SINGAPORE: Middle East Archbishop Calls for New Anglican Communion

By David W. Virtue in Singapore
April 20, 2010

In a groundbreaking speech to some 130 delegates to the Fourth Global South to South Encounter, the Archbishop of the Middle East said that the Anglican Communion is dysfunctional, at war with itself and that a new structure is needed for a new communion.

The Most Rev. Mouneer Anis proposed a new global Anglican structure to sustain and enhance Christ’s mission. He blasted the North American Episcopal Church and the Anglican Church of Canada saying that a new structure is necessary to compensate for the ongoing “ecclesial deficit” in the communion, homosexual unions, litigation, depositions of bishops and threats from TEC bishops and the undermining of the authority of bishops and primates who made vows to guard the faith. The result, he said, has been the breaking off of ecumenical partners, and cessation of dialogue, especially with the Roman Catholic Church the Oriental churches and the Greek Orthodox Church.

“We need a new structure to face the challenges together. We do not want to create another communion. They (the North American provinces) have departed the faith. They have left us we have not left the faith of the communion. They have made the Anglican Communion dysfunctional. We need to move forward now and not just be reactive.”

He said a new Primates’ Council should be raised up with the function of the council to discuss issues of faith and order. “There are limits to Anglican diversity. We must be under the submission to the authority of Holy Scripture. We should appoint an ad hoc design group to write a new Global South constitution.”

He opined that the Primates Council be drawn from the general assembly. Anis saw two tracks: mission and evangelism and economic empowerment. “They should be put directly under the primates and meet every three to five years. The Primates should take the initiative in restoring unity. Working groups should be formed in accordance with the developing vision of the Global South. We need to have a solid financial commitment. We need to be focused and we must own the Global South movement.”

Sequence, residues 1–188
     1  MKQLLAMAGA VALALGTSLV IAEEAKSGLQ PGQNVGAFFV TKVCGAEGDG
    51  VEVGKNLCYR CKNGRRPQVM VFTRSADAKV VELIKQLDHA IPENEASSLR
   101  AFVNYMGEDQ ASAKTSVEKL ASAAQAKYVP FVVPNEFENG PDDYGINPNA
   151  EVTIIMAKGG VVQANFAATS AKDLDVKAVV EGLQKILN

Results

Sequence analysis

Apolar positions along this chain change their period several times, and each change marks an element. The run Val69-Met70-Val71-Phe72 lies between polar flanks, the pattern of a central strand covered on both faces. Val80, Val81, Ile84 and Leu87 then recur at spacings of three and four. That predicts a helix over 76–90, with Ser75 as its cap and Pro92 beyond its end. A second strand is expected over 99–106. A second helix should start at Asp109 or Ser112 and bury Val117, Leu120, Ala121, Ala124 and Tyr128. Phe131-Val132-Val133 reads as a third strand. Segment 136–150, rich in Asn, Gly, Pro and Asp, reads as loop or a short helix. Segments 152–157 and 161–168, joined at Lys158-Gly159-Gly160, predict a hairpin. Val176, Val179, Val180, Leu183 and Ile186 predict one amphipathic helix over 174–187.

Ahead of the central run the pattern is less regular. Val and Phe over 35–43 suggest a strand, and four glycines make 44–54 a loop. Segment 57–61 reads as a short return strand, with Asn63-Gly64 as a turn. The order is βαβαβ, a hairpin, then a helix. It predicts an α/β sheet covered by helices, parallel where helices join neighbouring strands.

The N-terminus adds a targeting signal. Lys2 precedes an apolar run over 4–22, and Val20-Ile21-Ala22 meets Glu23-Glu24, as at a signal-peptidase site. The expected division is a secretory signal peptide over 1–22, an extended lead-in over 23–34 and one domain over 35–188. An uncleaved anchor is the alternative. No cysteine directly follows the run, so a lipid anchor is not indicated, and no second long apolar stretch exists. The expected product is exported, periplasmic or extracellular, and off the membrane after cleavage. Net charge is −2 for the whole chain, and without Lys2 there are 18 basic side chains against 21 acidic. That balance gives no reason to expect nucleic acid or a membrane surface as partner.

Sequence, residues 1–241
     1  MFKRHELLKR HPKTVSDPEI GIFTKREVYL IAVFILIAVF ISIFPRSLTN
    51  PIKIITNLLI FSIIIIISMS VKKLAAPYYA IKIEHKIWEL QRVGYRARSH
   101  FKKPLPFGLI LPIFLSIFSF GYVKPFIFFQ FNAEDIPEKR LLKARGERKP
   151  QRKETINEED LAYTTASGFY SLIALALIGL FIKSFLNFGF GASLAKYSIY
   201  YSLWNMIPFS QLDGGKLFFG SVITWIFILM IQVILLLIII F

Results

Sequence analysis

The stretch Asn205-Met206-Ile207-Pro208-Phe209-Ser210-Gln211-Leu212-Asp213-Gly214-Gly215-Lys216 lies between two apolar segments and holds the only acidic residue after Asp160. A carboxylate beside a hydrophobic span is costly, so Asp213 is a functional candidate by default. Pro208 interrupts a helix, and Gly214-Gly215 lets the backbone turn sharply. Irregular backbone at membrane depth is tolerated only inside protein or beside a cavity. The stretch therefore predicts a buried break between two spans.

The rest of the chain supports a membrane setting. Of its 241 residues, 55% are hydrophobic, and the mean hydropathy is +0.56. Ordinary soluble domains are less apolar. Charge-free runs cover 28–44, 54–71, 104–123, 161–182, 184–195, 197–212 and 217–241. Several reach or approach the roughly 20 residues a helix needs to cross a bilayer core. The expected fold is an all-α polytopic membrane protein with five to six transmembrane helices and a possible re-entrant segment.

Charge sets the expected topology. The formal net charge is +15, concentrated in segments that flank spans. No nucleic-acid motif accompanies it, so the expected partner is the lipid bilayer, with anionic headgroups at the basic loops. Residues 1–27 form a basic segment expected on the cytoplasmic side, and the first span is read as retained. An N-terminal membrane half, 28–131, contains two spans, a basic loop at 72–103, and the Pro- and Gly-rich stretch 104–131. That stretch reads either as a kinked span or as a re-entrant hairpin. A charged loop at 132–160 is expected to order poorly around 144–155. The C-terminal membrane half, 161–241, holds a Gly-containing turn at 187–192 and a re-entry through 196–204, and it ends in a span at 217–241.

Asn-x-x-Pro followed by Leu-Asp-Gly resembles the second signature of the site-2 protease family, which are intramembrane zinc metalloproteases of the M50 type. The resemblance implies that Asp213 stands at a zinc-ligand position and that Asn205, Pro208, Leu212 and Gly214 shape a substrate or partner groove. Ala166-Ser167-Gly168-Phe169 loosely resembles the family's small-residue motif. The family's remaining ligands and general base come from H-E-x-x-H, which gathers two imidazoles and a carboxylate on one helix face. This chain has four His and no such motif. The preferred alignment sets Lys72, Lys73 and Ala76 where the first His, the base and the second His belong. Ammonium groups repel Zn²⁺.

The archbishop drew from his own area’s history and likened the crisis in the Anglican Communion to that of the 4th Century (325) heretic Arius who wanted to reconcile the Christian Faith with Greek philosophy. “He made Christ less than divine and because of this there was division in the church in Alexandria. There were faithful people and then there were heretics who followed Arius. The faithful got smaller but fought persistently. The heretics started to increase and got the support of the emperor.

“The Arians became the bigger church. The Church Fathers of the orthodox church stood for the faith were discipled in the desert and later became leaders of the orthodox church. By 600 AD there were no Arians in Egypt. Where is Arianism today? There are none.”

Anis urged that the Anglican Communion not waste its time reacting. “We should spend our time bringing the Good News to the world, discipling and baptizing people for Christ.”

FOOTNOTE: VOL was troubled by the archbishop’s call for a new communion as he made no reference to the GAFCON/FCA communiqué put forth recently in Bermuda – a communiqué that answers most of the archbishop’s concerns and offers a collective orthodox Anglican response to the failed North American Episcopal and Anglican provinces.


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